The era of leaders wielding singular or absolute power ended mostly in WW2, and then even more so after the Cold War, and is never coming back. Everything has been delegated to committee. Globalization and social media means that inept or overzealous leaders face much more accountability than in the past, so even leaders who do have absolute power tend to use it very judiciously. Biden, putatively the most powerful person in the world, his only solution to surging gas and oil prices, high inflation, and plunging approval ratings is a gas rebate, because he cannot do anything else. China’s leadership is very much multi-tired/faceted, like the US. I think major Western governments and leaders are much more banal or prosaic than they are evil or corrupt. People blame corruption or incompetence for the failure of Western government, but this seems like a misdiagnosis. Instead of the ‘kakistocracy’, it’s more like the ineffecocracy.

The world is run by entrenched bureaucracies and institutions and ruled by committee even if there is a president. The notion that any one individual will change this or change the world, seems wrong, but I don’t think too many people actually believe this. That’s not to say that individuals cannot impart great influence culturally, like we see with Elon Musk, but institutions are designed to be insulated from individual influence externally and internally. Institutions have two main objectives: longevity and advancing the stated or implicit goal or purpose of the institution. Institutions can be thought of as homeostatic, immortal organisms, with succession plans and redundancy, in contrast to something like a sole proprietorship.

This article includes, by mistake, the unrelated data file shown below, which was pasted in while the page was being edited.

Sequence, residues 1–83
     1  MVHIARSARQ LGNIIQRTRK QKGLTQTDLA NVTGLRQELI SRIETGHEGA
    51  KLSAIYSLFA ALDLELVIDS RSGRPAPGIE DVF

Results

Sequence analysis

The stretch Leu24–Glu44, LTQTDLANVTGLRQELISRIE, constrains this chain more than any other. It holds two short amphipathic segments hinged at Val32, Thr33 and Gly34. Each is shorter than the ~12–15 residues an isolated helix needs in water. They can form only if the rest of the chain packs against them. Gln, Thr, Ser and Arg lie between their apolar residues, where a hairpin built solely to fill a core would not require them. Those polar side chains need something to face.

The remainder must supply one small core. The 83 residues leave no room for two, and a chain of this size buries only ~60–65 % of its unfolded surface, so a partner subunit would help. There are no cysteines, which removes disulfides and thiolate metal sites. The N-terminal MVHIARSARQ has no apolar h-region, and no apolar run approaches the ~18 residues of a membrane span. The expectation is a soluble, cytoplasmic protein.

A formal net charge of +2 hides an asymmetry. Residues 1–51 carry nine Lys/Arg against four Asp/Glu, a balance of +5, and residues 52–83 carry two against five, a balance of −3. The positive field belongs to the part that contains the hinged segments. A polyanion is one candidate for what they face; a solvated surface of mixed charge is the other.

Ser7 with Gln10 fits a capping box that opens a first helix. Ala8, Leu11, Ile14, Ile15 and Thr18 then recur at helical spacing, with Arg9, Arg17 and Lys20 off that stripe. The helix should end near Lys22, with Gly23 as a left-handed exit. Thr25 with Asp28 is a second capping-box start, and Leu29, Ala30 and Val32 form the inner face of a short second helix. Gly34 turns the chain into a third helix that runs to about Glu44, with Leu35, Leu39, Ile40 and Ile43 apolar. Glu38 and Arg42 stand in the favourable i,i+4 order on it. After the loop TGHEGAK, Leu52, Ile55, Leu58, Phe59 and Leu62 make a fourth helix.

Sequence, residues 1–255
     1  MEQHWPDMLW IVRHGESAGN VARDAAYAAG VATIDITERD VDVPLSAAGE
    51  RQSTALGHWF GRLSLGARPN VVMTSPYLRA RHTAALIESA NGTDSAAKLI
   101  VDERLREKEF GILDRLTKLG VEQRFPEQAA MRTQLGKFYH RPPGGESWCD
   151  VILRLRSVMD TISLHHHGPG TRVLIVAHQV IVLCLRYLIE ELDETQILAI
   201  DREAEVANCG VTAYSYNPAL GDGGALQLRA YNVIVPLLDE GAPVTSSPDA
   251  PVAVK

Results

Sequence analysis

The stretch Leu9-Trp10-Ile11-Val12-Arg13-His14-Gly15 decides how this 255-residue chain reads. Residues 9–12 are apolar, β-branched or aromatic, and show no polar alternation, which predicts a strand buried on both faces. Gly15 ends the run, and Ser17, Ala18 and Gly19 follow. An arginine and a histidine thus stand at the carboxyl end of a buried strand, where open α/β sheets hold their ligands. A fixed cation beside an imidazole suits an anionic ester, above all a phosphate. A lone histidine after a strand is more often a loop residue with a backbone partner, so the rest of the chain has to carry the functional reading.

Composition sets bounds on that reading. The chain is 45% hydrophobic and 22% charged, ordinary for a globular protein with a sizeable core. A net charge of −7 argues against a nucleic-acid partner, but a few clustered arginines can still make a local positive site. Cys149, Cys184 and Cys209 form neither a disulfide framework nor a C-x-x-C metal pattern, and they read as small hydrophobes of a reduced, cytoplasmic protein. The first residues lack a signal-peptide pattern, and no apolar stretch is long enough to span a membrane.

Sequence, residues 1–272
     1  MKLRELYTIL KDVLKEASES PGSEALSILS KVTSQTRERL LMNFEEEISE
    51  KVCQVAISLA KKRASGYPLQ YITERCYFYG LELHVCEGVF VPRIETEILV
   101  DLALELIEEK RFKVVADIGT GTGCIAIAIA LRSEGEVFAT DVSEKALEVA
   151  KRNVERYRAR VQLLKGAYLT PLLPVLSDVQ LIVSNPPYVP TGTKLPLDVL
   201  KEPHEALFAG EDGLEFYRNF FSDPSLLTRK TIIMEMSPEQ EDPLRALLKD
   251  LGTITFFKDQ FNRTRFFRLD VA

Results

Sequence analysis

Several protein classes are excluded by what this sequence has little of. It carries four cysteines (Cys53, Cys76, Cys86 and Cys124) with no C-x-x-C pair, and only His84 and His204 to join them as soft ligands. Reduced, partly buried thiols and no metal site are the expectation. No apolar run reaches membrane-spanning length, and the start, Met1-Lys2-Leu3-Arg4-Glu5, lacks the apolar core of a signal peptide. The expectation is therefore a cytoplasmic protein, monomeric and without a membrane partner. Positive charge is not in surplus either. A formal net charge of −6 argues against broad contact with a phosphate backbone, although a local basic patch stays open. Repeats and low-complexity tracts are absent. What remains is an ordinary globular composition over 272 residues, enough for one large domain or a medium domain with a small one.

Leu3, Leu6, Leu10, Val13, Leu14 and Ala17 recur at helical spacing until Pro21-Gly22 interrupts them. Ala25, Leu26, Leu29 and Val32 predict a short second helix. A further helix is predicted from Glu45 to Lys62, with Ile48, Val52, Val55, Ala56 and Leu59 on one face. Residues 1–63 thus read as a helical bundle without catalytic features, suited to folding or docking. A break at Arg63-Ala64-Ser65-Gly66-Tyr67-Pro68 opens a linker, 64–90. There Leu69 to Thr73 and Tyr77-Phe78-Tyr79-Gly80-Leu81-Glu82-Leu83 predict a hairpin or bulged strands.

Overall, I think Yarvin puts too much faith in the power of governments, and I have repeatedly argued that national governments (as opposed to state/local ones) are relatively feeble, especially compared to the private sector and influential business celebrities/leaders (like Bezos and Musk), and that this trend has accelerated notably since 2008 or so. The French elections were this weekend. When were the French elections ever consequential despite the size of France’s economy. You have to go back to 1933 for the last time the German elections mattered (that was a pretty important election though). More people care about Mr. Beast’s videos than French politics, even in France.